12 Hydrangea Diseases: How to Identify, Prevent, and Treat Them
Did you recently plant hydrangeas in your garden, but aren't quite sure how to identify the most common diseases that may attack them? There are many different hydrangea diseases that may attack your plant, but knowing how to identify, prevent, and treat them is critically important. In this article, gardening expert and hydrangea enthusiast Jill Drago walks through the different hydrangea diseases that are most likely to strike.
Are you wondering what those brown spots are on your hydrangea leaves? While hydrangeas for the most part are resistant to many pests there are still a few diseases that can affect them. These diseases fall under the categories of bacterial diseases, fungal diseases, or viruses. All three are problematic, and can prevent your hydrangeas from blooming to their fullest potential.
While many symptoms of these diseases look similar, they have very different causes, and some have different treatment options. So, where do you begin? The very first step in treating any hydrangea disease, is to properly identify the problem. Once you’ve identified the issue, it’s a matter of treatment, if treatment is an option.
It’s important to note, that not all hydrangea diseases are readily treatable. With some diseases, you may end up just needing to replace the plant altogether. But many common diseases can be treated, and successfully eradicated. Of course, the best treatment option is disease prevention. So, continue reading to help diagnose the disease impacting your hydrangea and find ways to treat and prevent them!
Bacterial diseases in hydrangeas are quite common in hydrangeas, and unfortunately most bacterial diseases are not able to be treated. This means prevention with bacterial diseases is critical, so you don’t end up needing to completely pull your entire plant.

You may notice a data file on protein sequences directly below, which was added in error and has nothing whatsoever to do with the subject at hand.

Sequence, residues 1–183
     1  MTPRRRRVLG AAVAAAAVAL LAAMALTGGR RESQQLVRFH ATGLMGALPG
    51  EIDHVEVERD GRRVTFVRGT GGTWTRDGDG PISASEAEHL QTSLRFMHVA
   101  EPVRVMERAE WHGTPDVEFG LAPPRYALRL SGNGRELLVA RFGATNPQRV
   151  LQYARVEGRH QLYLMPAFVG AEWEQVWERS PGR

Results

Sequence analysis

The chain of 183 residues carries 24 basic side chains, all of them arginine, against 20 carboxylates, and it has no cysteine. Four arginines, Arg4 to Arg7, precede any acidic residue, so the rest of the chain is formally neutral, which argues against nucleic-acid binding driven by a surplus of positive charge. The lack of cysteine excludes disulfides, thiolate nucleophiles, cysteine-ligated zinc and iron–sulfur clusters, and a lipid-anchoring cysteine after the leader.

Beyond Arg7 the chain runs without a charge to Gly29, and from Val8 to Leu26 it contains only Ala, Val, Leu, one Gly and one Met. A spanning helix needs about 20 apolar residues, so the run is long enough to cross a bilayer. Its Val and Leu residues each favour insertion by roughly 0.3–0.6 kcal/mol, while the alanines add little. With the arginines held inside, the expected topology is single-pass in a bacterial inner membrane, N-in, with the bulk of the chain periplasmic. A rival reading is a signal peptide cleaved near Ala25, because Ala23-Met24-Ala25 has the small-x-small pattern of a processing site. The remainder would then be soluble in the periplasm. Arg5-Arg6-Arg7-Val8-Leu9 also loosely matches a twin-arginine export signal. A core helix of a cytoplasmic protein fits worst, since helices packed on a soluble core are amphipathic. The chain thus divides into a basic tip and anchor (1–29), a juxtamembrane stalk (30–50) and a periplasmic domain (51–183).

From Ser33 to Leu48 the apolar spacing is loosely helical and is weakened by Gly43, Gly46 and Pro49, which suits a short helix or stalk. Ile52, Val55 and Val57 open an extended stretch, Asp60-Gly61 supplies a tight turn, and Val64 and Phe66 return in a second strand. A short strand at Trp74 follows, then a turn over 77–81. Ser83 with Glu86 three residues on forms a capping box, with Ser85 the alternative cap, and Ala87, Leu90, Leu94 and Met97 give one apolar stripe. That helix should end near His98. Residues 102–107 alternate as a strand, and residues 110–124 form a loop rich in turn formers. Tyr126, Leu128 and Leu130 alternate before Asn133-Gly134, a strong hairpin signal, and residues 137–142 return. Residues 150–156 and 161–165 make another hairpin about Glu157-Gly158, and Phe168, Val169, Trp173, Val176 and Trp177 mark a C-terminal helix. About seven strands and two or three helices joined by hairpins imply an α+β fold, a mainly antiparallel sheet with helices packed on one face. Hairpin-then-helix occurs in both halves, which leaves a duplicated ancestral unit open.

Bacterial diseases can spread from plant to plant, so it’s important to prevent them before they occur. Let’s look at the two most common bacterial diseases you may come across.
Bacterial wilt can affect most species of hydrangea. Bacterial wilt disease in hydrangea occurs mainly after heavy rains and hot weather. Typically, bacterial wilt affects the flowers and leaves, but in extreme cases the plant itself will wilt. If this happens, it will become susceptible to root rot and the plant will eventually die.
Bacterial wilt is easily identifiable because it is one of the few diseases that directly affects the flowers. Look for wilted flowers, and brown, wilted leaves on the hydrangea plant itself.
Remove infected plant tissues to prevent any further infections. Keeping the base of the hydrangea plant clear of leaves, grass clippings, and other plant materials.
There are currently no options to treat bacterial wilt in hydrangeas.
Bacterial Leaf Spot
Bacterial leaf spot is similar to fungal leaf spot which we will talk about soon. In this case, the disease is spread by bacteria that enters through any natural wounds or openings the plant may have, like stomata on the underside of the leaf.
Natural wounds may be from an insect or from pruning. The initial symptoms of bacterial wilt appear as water soaked spots. These spots will slowly darken and spread. Occasionally these spots will enlarge and cause the death of mature leaves.
Bacterial leaf spot is easy to identify. You’ll notice them as water soaked spots, that look like brown spots on the plant’s leaves themselves.
To prevent bacterial leaf spot, keep your plants and the area around them free of leaf debris. Remove any potentially infected plant tissue as soon as you notice it, and be sure to clean your clippers after. If it is necessary to remove the entire plant due to the disease, do not plant another plant in that spot. This will help to ensure the bacteria doesn’t spread to your new plant.
Just like bacterial wilt, there is no known chemical option to treat bacterial leaf spot.
Fungal diseases arise when a fungus takes hold of your plant. They can be difficult to distinguish from both bacterial diseases and viral diseases. Fungal diseases can spread from plant to plant, and across different types of plants.
Similar to leaf spot (and most fungal diseases for that matter) anthracnose likes warm, wet weather. Anthracnose will spread from water droplets splashing onto the plant. This could be from rain or irrigating, and will worsen with the humid weather.